Kim’s visit preceded by debut album

Kim Wilde will be in South Africa next week (to set local hearts aflutter) but her debut album “Kim Wilde” is here already… if not in the shops, then certainly in my ears.

If this record is not No. 1 in Britain and here yet it soon will be, because this is an album that instantly hits you with its freshness and vigour.

“Water on Glass”, the opening track, lifts the stylus straight out of the groove. The overall sound is a velvet glove with a thundering rock ‘n roll riff chugging through the middle.

No pretensions here. Just pure, unadulterated rock. Kim’s voice purrs seductively through the wall of sound. Debby Harry was never as sultry.

Quaint intro to “Our Town”. Someone’s blowing into a metal tube, accompanied by heavy drumbeats. The knell of Doomsday? No it’s really a potted pen-picture of Welwyn Garden City (which is about 16 km outside London) where Miss Wilde lives.

What strikes one, after several listens to the album, is how young and optimistic these songs sound. All written by 19-year-old Ricky (who also produced the album) and 41-year-old Marty Wilde, they have the kind of empathy for contemporary youth that Chuck Berry’s songs had 25 years ago. That they’re sung by a 20-year-old adds to their immediacy.

The success of the Wilde songwriting team is not attributed simply to the fact that the Wilde write pretty pop songs. The backbone is that the Wildes are in control of their youth.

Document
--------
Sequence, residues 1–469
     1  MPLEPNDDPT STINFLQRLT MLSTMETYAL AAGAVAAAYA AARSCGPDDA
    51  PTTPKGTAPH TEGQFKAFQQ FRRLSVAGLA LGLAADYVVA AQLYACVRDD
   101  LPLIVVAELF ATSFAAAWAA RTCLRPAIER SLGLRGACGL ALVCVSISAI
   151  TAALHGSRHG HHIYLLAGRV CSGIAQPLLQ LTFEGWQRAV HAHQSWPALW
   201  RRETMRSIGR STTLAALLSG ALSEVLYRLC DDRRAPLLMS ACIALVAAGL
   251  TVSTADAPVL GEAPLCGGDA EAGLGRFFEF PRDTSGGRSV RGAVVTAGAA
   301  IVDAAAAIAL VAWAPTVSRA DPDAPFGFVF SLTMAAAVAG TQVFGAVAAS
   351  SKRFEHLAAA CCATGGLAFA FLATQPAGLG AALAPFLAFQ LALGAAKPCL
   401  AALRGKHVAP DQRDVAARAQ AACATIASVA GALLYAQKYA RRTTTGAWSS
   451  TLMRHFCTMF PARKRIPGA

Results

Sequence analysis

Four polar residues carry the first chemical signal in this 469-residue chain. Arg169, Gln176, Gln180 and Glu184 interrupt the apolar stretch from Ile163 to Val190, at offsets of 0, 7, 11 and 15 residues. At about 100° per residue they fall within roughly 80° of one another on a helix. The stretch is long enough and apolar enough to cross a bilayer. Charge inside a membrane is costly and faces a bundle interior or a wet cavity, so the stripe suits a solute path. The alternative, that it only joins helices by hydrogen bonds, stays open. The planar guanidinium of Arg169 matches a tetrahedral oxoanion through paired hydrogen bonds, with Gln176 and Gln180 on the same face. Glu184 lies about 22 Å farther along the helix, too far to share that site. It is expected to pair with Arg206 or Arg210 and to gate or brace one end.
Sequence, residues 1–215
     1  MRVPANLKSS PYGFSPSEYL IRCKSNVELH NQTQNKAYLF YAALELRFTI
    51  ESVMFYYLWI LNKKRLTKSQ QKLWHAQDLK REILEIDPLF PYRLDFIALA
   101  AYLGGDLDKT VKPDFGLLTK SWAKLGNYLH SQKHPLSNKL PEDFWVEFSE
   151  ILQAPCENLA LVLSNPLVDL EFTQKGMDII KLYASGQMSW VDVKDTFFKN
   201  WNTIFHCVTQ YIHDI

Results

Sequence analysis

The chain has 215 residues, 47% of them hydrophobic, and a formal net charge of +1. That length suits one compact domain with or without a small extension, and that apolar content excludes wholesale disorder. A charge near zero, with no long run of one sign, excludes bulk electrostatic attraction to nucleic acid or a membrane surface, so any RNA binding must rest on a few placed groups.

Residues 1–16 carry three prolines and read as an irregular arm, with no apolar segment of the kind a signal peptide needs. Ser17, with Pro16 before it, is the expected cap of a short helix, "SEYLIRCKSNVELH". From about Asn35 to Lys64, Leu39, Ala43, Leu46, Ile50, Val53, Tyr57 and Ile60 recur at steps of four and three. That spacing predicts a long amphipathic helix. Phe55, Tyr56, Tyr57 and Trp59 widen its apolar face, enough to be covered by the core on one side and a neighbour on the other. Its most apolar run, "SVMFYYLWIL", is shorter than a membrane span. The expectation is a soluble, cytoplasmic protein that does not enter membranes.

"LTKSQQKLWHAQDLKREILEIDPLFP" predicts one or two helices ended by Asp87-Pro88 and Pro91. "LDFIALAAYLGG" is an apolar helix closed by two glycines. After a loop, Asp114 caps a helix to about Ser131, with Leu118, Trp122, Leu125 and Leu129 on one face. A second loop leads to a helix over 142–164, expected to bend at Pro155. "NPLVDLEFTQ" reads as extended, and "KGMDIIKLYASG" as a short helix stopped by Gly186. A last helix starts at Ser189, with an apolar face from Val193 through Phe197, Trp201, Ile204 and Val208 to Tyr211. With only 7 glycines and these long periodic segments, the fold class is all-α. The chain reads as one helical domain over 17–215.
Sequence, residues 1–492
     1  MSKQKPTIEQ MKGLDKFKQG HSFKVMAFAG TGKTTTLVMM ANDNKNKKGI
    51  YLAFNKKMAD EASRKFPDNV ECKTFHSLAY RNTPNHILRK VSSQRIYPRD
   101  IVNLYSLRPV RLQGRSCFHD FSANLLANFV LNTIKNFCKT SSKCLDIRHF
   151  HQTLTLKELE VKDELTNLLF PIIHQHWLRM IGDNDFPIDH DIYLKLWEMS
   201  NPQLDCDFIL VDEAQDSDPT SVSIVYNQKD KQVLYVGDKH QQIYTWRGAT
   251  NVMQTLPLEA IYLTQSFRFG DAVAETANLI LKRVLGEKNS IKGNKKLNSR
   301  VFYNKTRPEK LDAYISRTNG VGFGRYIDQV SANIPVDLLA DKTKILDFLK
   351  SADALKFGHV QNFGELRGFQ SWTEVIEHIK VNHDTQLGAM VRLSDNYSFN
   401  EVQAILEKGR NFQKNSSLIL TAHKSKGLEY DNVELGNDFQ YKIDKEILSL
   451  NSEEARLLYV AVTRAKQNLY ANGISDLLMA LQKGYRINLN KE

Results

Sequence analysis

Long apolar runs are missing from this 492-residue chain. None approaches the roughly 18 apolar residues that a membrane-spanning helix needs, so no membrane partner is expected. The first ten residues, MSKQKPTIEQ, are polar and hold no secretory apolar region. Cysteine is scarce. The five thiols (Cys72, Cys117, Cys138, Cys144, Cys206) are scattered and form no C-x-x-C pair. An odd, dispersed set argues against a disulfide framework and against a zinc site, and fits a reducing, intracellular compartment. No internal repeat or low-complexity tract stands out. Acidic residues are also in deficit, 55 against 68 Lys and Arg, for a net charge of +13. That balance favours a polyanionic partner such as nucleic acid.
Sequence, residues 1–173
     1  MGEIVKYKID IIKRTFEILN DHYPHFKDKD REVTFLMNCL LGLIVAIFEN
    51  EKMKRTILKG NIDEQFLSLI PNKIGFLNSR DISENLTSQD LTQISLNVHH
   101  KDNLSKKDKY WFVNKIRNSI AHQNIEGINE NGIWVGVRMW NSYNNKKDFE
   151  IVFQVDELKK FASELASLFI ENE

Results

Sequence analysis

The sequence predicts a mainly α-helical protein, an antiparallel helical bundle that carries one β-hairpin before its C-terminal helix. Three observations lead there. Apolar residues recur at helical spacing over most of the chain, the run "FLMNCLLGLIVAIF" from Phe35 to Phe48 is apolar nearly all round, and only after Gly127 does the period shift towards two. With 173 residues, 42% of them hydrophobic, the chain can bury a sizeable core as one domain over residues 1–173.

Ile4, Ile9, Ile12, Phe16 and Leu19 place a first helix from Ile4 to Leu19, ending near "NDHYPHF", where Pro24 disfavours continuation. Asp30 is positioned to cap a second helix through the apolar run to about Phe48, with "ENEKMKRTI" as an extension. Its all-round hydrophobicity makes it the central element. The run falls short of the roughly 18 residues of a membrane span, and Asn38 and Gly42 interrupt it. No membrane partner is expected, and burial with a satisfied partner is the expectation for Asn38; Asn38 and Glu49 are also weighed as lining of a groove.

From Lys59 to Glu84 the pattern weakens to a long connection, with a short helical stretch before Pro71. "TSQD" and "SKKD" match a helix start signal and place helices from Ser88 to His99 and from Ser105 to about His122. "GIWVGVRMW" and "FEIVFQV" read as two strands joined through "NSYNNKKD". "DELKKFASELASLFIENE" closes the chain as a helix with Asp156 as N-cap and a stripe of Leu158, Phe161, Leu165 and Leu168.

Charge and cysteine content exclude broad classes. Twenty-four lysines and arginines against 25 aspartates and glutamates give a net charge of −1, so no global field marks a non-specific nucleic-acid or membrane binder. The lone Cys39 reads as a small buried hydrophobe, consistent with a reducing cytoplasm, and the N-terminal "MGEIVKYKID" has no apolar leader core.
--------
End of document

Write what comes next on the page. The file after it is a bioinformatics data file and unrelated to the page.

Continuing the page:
Ricky and Marty see life through young eyes – ‘We wanna be young’ sings Kim in “Young Heroes”, which stands to become the current youth’s anthem. Yet they are not oblivious to the stringent undercurrents of reality, as Kim observes in “Kids In America”: “Downtown the young ones are growing”.

I’m not sure whether “2-6-5-8-0” is the phone number of the Wilde residence, but my ears tell me it’s an exuberant piece of soul music with a clipped rhythm that wouldn’t be out of place on a Maytals record.

Though the album’s sound is not aimed specifically at any current trend, it is basically pop/rock. “Tuning In, Tuning On”, the strangest track, is definitely futuristic.

Both her singles are here but they should not be the only justification for listening to the album. The Wildes don’t just follow the crusty old road of rock ‘n roll; they have created a whole new highway.